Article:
- Hugh Gaitskell
The Right Honourable
name = Hugh Gaitskell
birth_date = birth date|1906|4|9|df=y
London, United Kingdom
London, United Kingdom
death_date = death date and age|1963|1|18|1906|4|9|df=y
office = Leader of the Opposition
14 December 1955
18 January 1963
Chancellor of the Exchequer
19 October 1950
26 October 1951
office3 = Minister of Fuel and Power
term_start3 = October
term_end3 = February
party = Labour Party
Hugh Todd Naylor Gaitskell (
9 April 1906– 18 January 1963) was a British politician, leader of the Labour Party from 1955 until his death in 1963.
He was born in
London, England, and educated at the Dragon School, Winchester Collegeand New College, Oxford, where he gained a first class degree in Philosophy, Politics and Economicsin 1927. His serious interest in politics came about as a result of the General Strike of 1926, and he lectured in economicsfor the Workers' Educational Associationto miners in Nottinghamshire. In the 1930s he was an academic at University College London, where he headed the Department of Political Economy. He also worked as a tutor at Birkbeck College. [cite book
title= Birkbeck, University of London Continuing Education Courses 2002 Entry
publisher=Birkbeck External Relations Department
year = 2002]
Gaitskell witnessed firsthand in
Viennathe political suppression of the Marxist-oriented social democraticworkers movement by the conservative Engelbert Dollfuss's government. The event made a lasting impression, making him profoundly hostile to conservatism but also making him reject as futile the Marxian outlook of many European social democrats. This placed him in the socialist revisionist camp.
Early political career
During the war, Gaitskell worked as a civil servant for the Ministry of Economic Warfare which gave him experience of government. He was elected Labour
Member of Parliament(MP) for Leeds South in the Labour landslide victory of 1945.
He quickly rose through the ministerial ranks, becoming Minister of Fuel and Power in 1947. He was then appointed briefly as
Minister of Economic Affairsin February 1950. His rapid rise was largely due to the influence of Hugh Daltonwho adopted him as a protégé.
Chancellor of the Exchequer, 1950-51
In October 1950,
Stafford Crippswas forced to resign as Chancellor of the Exchequerdue to failing health, and Gaitskell was appointed to succeed him. His time as Chancellor was dominated by the struggle to finance Britain's part in the Korean Warwhich put enormous strain on public finances. The cost of the war meant that savings had to be found from other budgets. Gaitskell's budget of 1951 introduced charges for prescriptions on the National Health Service.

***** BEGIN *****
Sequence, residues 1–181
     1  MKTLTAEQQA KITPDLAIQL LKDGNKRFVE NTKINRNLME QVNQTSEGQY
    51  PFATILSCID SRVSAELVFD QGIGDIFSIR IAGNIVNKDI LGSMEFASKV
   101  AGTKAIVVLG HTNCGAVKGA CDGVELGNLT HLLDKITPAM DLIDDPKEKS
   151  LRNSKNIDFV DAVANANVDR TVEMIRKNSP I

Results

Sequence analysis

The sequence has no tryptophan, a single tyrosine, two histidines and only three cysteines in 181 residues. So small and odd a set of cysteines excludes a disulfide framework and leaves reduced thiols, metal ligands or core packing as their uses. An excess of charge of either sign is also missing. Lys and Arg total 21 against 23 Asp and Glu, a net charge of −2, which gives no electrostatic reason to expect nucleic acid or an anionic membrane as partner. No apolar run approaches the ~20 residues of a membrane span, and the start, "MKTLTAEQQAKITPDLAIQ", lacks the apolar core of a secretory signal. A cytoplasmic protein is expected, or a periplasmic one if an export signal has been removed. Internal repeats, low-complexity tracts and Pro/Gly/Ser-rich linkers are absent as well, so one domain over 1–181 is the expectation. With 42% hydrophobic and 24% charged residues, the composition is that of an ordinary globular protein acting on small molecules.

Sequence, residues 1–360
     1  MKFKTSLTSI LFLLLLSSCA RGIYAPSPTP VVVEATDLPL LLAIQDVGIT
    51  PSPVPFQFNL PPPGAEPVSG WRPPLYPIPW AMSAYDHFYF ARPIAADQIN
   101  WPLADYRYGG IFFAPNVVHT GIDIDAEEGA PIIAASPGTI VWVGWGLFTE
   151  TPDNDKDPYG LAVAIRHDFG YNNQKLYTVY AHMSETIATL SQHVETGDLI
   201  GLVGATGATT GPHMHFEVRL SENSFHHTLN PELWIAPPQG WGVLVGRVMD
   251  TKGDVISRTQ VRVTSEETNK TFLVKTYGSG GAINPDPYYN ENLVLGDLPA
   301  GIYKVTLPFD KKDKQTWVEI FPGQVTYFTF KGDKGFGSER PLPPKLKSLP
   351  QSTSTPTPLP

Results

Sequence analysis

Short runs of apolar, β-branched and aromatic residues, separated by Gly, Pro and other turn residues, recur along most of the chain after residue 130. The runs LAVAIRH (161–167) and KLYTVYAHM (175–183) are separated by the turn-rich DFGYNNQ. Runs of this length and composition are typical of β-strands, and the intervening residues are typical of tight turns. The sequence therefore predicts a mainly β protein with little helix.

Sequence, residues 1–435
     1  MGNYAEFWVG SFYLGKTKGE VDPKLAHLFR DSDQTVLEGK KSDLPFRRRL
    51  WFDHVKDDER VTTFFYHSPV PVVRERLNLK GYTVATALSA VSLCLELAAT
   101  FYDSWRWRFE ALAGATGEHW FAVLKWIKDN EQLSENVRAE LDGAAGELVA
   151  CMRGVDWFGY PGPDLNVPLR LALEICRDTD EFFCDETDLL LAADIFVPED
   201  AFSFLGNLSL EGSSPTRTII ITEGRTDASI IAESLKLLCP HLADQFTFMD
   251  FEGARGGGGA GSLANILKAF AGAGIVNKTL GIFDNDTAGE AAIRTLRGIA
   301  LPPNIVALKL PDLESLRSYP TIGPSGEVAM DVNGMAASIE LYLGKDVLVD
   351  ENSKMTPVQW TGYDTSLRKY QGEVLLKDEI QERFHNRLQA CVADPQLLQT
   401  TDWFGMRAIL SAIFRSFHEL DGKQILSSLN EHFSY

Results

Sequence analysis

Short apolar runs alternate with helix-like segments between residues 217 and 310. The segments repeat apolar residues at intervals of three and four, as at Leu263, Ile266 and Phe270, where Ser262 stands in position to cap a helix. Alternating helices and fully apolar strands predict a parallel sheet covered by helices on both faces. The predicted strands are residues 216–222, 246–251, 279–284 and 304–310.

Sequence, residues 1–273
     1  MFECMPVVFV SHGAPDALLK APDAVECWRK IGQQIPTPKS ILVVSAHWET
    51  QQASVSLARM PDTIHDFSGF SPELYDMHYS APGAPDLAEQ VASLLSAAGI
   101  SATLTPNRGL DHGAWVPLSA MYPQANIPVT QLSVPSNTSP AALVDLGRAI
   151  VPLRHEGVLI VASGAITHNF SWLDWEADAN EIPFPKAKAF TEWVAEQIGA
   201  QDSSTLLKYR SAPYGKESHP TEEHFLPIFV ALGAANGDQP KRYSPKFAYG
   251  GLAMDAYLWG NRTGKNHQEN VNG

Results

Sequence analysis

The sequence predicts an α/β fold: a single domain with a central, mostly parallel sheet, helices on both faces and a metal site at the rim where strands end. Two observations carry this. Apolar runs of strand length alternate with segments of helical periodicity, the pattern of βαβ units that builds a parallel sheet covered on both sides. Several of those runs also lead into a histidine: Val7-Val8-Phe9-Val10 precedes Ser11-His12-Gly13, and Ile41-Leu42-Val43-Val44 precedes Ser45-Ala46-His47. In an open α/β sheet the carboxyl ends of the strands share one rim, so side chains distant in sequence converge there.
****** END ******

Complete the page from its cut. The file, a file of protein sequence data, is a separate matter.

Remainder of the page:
The budget caused a split in the government and caused him to fall out with
Aneurin Bevanwho resigned over this issue. Bevan was later joined by Harold Wilsonand John Freeman who also resigned. Later that year, Labour lost power to the Conservatives in the 1951 election.
Leader of the Opposition, 1955-1963
He later defeated Bevan in the contest to be the party treasurer. After the retirement of
Clement Attleeas leader in December 1955, Gaitskell beat Bevan and the ageing Herbert Morrisonin the party leadership contest.
Gaitskell's election as leader coincided with one of the Labour Party's weakest periods, which can be partly attributed to the post-war prosperity that Britain was experiencing under the Conservatives. His time as leader was also characterised by factional infighting between the 'Bevanite' left of the Labour party led by
Aneurin Bevan, and the 'Gaitskellite' right.
Suez Crisisof 1956, in one of the highlights of his career as leader, Gaitskell passionately condemned the intervention initiated by the prime minister, Anthony Eden.
The Labour Party had been widely expected to win the 1959 general election, but did not. Gaitskell was undermined during it by public doubts concerning the credibility of proposals to raise pensions and by a highly effective Conservative campaign run by
Harold Macmillanunder the slogan "Life is better with the Conservatives, don't let Labour ruin it".
Following the election defeat, bitter internecine disputes resumed. Gaitskell blamed the Left for the defeat and attempted unsuccessfully to amend Labour's